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Hopefully Castle's selection will help bring league up to speed

Best person for the job: Raelene Castle is the first female chief executive of  the Bulldogs. Photo: Kate Geraghty

Best person for the job: Raelene Castle is the first female chief executive of the Bulldogs. Photo: Kate Geraghty

Our greatest hope for the appointment of Raelene Castle as Canterbury chief executive today should be that columns like this will soon seem hopelessly patronising and old fashioned.

Because this column is welcoming the Kiwi's appointment to the rugby league club based largely on the fact she is a woman. This column is pointing out that the Bulldogs have come a long way since the Coffs Harbour scandal of 2004, when sponsors didn't want a bar of the club, and women in particular were deserting them.

This column is recording the fact that Liz Dawson and Donna Burke were in charge of footy clubs 15 and 25 years ago respectively and that they were – believe it not – also women.

This column is the response to a climate that still exists in society, and in rugby league in particular, which should not.

The chief executive of the NRL, David Smith, issued a media release welcoming the netball administrator's appointment. He stressed that she was clearly the best person for the job, but then added: "It is also worth acknowledging the significance of a female chief executive and the message of opportunity that the appointment sends to women in our game.

"I've said before – there is a place for more women in decision-making roles in rugby league and we need to be even more inclusive in the years ahead . . ." Hopefully so inclusive that Smith will have to give up issuing a press release every time a woman is appointed to a position of influence.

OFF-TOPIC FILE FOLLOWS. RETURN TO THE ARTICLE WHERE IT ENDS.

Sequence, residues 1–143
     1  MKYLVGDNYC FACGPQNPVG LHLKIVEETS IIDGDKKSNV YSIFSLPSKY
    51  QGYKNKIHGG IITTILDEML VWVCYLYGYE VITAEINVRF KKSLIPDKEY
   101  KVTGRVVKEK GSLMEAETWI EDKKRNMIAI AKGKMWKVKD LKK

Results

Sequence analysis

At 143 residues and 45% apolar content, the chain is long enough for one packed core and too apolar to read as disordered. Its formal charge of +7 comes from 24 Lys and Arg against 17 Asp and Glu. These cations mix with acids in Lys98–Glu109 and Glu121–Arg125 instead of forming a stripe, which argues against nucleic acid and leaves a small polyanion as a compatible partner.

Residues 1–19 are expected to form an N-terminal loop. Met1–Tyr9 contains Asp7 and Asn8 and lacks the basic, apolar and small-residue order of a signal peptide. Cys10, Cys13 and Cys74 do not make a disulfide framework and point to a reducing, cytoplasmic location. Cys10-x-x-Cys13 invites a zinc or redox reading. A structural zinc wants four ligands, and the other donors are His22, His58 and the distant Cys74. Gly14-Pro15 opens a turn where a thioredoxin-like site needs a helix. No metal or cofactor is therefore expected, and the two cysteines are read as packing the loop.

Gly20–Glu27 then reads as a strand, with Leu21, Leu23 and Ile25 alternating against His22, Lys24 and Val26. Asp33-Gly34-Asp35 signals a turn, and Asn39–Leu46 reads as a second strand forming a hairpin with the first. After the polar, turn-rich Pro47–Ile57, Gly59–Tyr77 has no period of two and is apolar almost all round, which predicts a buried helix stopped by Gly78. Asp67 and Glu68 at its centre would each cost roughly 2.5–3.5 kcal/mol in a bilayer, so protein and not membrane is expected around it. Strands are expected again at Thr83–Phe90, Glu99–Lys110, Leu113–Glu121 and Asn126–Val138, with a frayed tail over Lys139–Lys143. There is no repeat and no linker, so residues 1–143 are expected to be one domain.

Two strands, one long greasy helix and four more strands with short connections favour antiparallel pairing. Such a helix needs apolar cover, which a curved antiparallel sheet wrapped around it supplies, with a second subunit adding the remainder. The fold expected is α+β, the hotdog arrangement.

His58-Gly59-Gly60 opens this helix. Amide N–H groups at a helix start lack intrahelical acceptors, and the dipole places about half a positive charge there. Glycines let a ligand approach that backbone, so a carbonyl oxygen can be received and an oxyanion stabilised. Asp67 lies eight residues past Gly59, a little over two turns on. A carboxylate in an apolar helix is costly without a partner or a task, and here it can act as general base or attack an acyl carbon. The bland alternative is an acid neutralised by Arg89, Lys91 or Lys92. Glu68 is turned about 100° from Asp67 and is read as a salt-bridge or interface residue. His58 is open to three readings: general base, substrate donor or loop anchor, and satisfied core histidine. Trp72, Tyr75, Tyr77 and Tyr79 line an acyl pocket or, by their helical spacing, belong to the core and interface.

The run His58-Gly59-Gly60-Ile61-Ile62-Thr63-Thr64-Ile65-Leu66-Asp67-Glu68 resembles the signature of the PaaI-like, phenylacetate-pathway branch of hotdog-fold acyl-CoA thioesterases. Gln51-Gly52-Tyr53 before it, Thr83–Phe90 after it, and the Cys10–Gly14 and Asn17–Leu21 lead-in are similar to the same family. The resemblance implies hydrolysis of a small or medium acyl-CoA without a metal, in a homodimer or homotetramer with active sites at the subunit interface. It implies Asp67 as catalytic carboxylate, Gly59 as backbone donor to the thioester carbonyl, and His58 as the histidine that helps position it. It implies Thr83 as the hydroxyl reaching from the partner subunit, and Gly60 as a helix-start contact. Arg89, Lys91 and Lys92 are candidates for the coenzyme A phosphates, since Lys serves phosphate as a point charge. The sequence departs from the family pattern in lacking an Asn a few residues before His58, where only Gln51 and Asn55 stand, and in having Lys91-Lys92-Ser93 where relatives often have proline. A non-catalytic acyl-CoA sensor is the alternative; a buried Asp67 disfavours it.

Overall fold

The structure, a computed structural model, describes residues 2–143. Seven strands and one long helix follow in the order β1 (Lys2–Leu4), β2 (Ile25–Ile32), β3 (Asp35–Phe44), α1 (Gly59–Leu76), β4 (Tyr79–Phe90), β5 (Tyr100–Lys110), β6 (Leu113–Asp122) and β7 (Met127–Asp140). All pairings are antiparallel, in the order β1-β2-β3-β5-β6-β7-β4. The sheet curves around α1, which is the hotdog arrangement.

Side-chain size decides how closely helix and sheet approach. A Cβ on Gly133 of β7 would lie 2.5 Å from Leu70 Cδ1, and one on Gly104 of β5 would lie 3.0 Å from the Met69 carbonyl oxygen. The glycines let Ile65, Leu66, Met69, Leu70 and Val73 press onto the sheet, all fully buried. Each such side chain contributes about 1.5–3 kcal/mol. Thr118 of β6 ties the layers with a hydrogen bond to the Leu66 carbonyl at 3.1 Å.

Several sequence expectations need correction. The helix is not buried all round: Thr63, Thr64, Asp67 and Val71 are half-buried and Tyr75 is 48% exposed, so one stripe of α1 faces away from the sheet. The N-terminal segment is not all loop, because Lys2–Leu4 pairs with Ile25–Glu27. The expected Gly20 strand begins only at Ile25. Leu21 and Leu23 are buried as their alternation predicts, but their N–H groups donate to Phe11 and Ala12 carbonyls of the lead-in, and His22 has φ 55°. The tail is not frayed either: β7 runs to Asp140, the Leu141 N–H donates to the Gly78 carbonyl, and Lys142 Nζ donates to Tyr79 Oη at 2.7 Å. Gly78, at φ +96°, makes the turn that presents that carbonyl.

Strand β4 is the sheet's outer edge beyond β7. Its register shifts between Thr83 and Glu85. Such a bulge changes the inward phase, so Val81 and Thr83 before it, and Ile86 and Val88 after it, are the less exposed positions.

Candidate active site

We welcome you, Raelene. We are happy about your appointment. We hope your presence improves our culture.

But at the risk of being a wet blanket, the fact it is a big story we have a female footy chief executive even when we have had a female prime minister for three years is probably not a great comment on where rugby league is starting from.

Even during the recent women in league round, many well-intentioned media men and officials made comments about the appearance of those they were interviewing to recognise the role of females in the game.

"You're an attractive young lady, why would you play rugby league?" is not intended to be an insult or to be condescending but such comments are inappropriate given what that women in league round is trying to achieve.

The idea that all comments about skin colour, positive or negative, are now firmly off limits is only just seeping through to many in rugby league. Similarly, comments directed at women about appearance – even compliments – are most often inappropriate in the workplace because they objectify and even subjugate.

But rugby league has always been a male workplace and those who have worked in clubs all their lives have never had to deal with these issues. You can't use racial epithets and you can't tell your boss she's a good sort. The reason is that these comments perpetuate historic power imbalances – between white males and everyone else.

Having more Raelene Castles will bring the culture in rugby league clubs more in line with the rest of society in the second decade of the 21st century. That's why her job at the Bulldogs is good news.

Can you imagine a time in the distant future where we don't need to encourage, recruit and welcome women, non-Anglo Saxons and gays to parts of our society in which they are not currently involved in any great numbers?

Consider what they will think as they scroll through this piece of archived commentary – no doubt through a wireless brain implant. They'll regard the things I am commenting on as completely alien and me as a primitive bigot.